White Supremacy and the "Texecution" of Marvin Wilson
This past week’s conversations about white supremacy, which were inspired by Wade Michael Page’s murderous rampage last Sunday at a Sikh temple in Oak Tree, Wisconsin, would not be complete without some discussion about Marvin Wilson – a “mentally retarded” African American man put to death last week by the state of Texecution (Texas, that is). According to Laura Moye of Amnesty International USA, Wilson “had the mental capacity of a first grader” and could “barely match his socks.”
Although the discussions on this painful event have focused (and rightly so) on the indecently low threshold by which Texas determines whether or not someone is mentally disabled enough to be given a pass on lethal injection (Texecution has apparently adopted a standard that in effect amounts to a “What Would Texans Do?” inquiry), discussions of Marvin Wilson’s execution could have just as easily turned on the issue of racism. After all, Texas’ capital punishment apparatus constitutes nothing less than white supremacy writ large.
Before I go any further, let me first acknowledge Jerry Williams, the man whom Marvin Wilson murdered, and offer blessings and peace to Williams’ family, friends, and community. The truth is that Wilson’s crime caused terrible pain and suffering, and I never want to lose sight of that fact.
Yet, here is another awful truth:
Since 1976, Texas has carried out close to 500 executions, and “you can count on one hand,” writes University of Houston law professor David R. Dow, “the number of those executions that involved a white murderer and a black victim.” Indeed, in Harris County Texas – which, according to professor Scott Phillips, is “arguably the capital of capital punishment” – death “is more likely to be imposed against black defendants than white defendants, and death is more likely to be imposed on behalf of white victims than black victims.” It is probably safe to say that such racial disparities mark the criminal justice system in other counties throughout Texas, including in Jefferson County, where Wilson committed his terrible crime and where he was tried.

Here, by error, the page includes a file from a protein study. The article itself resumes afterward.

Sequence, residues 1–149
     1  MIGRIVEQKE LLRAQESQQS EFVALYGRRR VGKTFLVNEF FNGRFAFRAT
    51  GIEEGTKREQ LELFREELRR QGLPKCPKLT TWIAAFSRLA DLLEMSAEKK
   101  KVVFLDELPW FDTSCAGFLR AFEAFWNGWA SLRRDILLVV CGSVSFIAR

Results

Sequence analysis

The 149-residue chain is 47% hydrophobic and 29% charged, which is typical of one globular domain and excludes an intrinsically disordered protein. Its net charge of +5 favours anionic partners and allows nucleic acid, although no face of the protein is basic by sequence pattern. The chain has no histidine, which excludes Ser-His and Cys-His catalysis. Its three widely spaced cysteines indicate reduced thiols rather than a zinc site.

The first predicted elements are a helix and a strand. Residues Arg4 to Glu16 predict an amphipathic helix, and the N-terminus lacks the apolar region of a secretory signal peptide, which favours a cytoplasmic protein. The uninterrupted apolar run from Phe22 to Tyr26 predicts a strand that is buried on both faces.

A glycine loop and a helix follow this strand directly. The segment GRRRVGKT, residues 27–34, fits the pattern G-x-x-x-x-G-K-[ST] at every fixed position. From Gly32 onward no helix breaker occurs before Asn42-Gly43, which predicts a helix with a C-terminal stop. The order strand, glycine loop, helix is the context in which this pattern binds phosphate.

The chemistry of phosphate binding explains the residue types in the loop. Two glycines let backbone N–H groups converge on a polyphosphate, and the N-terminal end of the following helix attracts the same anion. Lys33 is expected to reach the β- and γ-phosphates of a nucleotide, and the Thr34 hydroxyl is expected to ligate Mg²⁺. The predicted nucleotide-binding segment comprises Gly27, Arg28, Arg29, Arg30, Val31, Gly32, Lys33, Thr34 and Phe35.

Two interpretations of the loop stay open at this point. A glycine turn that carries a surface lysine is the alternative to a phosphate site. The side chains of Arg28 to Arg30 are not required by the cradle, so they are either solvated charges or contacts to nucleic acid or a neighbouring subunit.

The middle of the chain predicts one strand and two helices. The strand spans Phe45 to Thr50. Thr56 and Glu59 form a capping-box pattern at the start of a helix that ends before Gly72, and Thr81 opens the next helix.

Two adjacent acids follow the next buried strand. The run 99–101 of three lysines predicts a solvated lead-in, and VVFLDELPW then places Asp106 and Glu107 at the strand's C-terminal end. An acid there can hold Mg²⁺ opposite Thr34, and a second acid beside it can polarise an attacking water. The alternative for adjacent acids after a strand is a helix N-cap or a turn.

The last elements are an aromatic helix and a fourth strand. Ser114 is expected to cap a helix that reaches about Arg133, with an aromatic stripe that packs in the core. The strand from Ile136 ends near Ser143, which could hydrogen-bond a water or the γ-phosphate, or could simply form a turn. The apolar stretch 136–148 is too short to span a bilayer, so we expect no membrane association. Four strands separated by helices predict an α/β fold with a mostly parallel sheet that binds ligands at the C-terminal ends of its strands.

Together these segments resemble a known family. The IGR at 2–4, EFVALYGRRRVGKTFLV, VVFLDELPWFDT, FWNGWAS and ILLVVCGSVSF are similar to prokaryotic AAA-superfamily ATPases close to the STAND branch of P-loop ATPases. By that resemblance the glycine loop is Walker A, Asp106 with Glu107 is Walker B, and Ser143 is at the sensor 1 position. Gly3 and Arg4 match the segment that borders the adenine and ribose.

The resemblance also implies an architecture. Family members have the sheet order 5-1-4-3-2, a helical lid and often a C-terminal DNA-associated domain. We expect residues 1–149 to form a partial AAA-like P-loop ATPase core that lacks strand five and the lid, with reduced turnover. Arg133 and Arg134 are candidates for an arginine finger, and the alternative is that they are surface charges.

Racial discrimination, in fact, seems to have been at issue in Wilson’s particular case. On appeal, he argued (among other things) that the prosecutor used peremptory challenges “to eliminate black veniremen but accepted non-black veniremen who possessed the same characteristics as the eliminated blacks.” The prosecutor, in other words, made sure that no black jurors would hear Wilson’s case.
Wilson lost the argument, but that fact should not give us much comfort. After all, the U.S. Supreme Court has made it supremely easy for prosecutors to eliminate black jurors: they simply have to provide race-neutral justifications for their decisions. That’s a pretty simple thing to do. Just say that you don’t like the way a potential African American juror crossed his legs when he answered your question and you’re off the hook.
Racist/discriminatory intent has to be obvious in order for intent to be recognized by law as racist -- obvious, for example, in a Wade Michael Page kind of way.